Ideas are born everyday, and they die just as quickly. That's because the single hardest part of any new idea is actually taking initiative and doing it. But today, startups and enterprises are running leaner than ever. Talent, quality talent, is in short supply, and development teams have less and less experience working with each other. Weak talent produces weak products, and rookie teams make rookie mistakes.
That's why we built Codeminders, to provide startups and enterprises with access to our veteran team of experts who work together to turn big ideas into reality. Since 2004, we've been partnering with entrepreneurs, startups, and enterprises across the US and EU, from two man teams to global Fortune 10 companies, collaborating to release amazing products into the world. Established in Silicon Valley, Codeminders is a passionate, energetic, team split between the US and Eastern Europe. We focus on Big Data, Machine Learning, Mobile & Internet of Things, and Web Development. With many complex projects under our belts, we're a highly specialized, development powerhouse for entrepreneurs, startups, and enterprises.
Entrepreneurs: Have a big idea but don't have an engineering team in place already? Let us be your one-stop-shop. We'll work together with you to evaluate your needs, develop a game-plan, and create a product you can be proud of.
Startups: Need to augment your team with highly specialized members who can integrate seamlessly with you? We can provide an extremely talented, focused team that will work alongside you for incredible results.
Enterprises: Can't find the internal resources for a new project or request? Let us help. We understand the pressures of designing for Fortune 10 companies and the scalability and security concerns that come with them.
"I think it's extraordinary important that we in computer science keep fun in computing. When it started out, it was an awful lot of fun. Of course, the paying customers got shafted every now and then, and after a while we began to take their complaints seriously. We began to feel as if we really were responsible for the successful, error-free perfect use of these machines. I don't think we are. I think we're responsible for stretching them, setting them off in new directions, and keeping fun in the house. I hope the field of computer science never loses its sense of fun. Above all, I hope we don't become missionaries. Don't feel as if you're Bible salesman. The word has too many of those already. What you know about computing other people will learn. Don't feel as if the key to successful computing is only in your hands. What's in your hands, I think and hope, is intelligence: the ability to see the machine as more than when you were first led up to it, that you can make it more."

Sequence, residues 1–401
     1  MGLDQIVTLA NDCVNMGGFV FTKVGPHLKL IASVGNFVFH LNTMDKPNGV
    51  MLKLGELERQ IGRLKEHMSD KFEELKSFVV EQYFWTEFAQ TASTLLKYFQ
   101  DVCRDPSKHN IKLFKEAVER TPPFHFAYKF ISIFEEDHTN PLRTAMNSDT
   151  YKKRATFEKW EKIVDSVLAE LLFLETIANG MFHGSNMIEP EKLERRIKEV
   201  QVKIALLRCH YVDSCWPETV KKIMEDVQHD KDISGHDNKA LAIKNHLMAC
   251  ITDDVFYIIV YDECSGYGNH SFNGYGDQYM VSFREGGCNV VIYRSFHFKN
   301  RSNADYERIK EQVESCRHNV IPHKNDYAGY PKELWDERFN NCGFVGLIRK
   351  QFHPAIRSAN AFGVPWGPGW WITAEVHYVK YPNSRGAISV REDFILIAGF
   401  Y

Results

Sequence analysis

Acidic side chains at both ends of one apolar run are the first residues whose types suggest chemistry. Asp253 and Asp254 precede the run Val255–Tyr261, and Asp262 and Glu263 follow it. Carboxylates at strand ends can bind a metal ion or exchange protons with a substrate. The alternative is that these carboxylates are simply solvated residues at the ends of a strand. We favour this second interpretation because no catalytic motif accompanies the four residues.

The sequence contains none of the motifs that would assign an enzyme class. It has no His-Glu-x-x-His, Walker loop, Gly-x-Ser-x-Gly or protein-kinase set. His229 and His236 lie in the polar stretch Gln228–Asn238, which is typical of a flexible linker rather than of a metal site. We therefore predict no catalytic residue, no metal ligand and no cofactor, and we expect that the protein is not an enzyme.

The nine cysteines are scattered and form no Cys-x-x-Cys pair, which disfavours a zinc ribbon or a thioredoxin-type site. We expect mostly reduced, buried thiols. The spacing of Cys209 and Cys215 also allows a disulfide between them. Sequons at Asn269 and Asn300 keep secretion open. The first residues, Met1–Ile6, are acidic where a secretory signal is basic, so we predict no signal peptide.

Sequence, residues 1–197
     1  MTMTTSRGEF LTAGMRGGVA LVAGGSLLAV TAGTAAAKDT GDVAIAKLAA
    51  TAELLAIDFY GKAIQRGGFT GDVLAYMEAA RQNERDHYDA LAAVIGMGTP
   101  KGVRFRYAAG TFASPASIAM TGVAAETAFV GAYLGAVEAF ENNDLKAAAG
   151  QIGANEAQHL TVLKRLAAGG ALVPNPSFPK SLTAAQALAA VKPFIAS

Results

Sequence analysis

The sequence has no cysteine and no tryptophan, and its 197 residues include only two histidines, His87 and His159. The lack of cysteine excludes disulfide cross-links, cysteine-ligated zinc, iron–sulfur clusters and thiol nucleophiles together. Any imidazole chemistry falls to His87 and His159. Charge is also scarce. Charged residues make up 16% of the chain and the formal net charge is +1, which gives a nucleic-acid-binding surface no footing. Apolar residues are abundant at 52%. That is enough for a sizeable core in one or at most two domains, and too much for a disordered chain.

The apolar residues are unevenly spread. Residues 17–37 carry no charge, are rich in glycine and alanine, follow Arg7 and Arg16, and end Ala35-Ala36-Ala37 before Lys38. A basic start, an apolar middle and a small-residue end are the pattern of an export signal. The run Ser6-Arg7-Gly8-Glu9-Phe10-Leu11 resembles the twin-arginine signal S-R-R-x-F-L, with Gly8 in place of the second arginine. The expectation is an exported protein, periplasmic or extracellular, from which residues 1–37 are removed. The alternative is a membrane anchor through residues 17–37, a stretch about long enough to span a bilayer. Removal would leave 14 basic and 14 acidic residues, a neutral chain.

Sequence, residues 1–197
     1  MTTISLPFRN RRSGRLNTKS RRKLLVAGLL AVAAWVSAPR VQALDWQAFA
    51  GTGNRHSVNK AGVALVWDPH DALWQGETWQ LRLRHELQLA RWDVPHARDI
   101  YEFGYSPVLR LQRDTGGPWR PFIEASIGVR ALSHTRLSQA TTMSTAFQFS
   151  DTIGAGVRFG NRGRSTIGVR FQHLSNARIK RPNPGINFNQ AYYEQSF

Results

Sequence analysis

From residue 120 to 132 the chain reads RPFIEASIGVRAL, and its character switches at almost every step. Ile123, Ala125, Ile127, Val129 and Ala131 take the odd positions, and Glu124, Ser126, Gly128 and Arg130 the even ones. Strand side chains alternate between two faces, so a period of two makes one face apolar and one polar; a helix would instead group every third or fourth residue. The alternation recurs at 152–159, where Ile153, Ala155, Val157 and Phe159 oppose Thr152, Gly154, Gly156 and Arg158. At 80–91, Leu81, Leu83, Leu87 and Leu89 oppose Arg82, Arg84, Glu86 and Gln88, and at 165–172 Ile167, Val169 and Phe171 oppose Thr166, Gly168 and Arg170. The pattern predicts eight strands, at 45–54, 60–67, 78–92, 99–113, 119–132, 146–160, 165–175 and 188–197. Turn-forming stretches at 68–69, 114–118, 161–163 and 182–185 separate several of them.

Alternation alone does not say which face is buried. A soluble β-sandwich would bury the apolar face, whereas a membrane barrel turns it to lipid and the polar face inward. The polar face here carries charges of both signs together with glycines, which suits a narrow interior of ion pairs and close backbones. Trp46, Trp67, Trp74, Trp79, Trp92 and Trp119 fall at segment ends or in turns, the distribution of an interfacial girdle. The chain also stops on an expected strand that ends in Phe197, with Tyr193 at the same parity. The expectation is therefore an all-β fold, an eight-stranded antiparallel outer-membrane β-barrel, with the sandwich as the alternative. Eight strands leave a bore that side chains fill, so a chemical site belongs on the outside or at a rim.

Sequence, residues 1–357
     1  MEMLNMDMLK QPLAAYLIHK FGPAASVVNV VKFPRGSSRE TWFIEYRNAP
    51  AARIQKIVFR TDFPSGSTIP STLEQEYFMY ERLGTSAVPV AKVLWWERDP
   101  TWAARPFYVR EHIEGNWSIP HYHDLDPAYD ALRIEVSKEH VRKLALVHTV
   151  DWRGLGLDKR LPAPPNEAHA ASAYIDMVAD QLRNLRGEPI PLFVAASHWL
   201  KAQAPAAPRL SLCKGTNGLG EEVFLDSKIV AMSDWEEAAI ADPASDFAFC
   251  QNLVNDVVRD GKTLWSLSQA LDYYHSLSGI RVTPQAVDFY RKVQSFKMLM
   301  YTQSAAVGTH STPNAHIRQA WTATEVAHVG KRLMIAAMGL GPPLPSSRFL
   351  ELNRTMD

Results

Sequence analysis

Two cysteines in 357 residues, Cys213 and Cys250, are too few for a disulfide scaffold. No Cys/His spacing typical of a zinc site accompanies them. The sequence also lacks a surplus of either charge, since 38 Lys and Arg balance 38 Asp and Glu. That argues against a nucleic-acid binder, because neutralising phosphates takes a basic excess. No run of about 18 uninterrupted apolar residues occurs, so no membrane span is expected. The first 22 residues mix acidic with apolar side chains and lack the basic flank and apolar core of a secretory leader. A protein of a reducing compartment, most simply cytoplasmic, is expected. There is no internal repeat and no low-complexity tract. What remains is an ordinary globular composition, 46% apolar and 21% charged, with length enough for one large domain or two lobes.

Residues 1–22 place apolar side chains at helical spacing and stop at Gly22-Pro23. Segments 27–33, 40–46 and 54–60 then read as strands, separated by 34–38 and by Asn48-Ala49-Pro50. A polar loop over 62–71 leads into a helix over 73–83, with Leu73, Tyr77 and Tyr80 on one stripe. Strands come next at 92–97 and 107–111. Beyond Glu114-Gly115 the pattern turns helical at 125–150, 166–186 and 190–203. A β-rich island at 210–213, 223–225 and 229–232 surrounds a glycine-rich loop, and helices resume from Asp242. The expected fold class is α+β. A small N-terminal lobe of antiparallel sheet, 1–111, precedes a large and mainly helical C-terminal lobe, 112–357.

Alan J. Perlis (April 1, 1922 - February 7, 1990)
Back in school I did a lot of black and white photography. Yes, that's me in the photo above, in 8th grade. I've spent many hours in the dark room developing my films and printing photos.
Over the years, I have realized that the secret to good photography is not in expensive equipment and complex processing, but in the ability to see things. I do not aspire to be an artist, I just shoot whatever I find interesting. I upload my photos into my photo album which you are very welcome to visit.
"You see things vacationing in motorcycle in a way that is completely different from any other. In car you're always in a compartment, and because your're used to it you don't realize that through that car window everything you see is just more TV. You're a passive observer and it is all moving by you boringly in a frame. On a cycle the frame is gone. You're completely in contact with it all. You're in the scene, not just watching it anymore, and the sense of presence is overwhelming. That concrete whizzing by five inches below your foot is the real thing, the same stuff you walk on, it's right there, so blurred you can't focus on it, yet you can put your foot down and touch it anytime, and the whole thing, the whole experience, is never removed from immediate consciousness."
Robert M. Pirsig, "Zen and the Art of Motorcycle Maintenance: An Inquiry into Values"
I have been riding motorcycles since 1997. Outside the occasional commute to work, I have taken several longer trips to Los Angeles, Seattle, and the Grand Canyon.
My first bike was '76 BMW R90/6 which I crashed, restored, and finally sold. There were few more bikes after that, but my current ride is a BMW R1200R.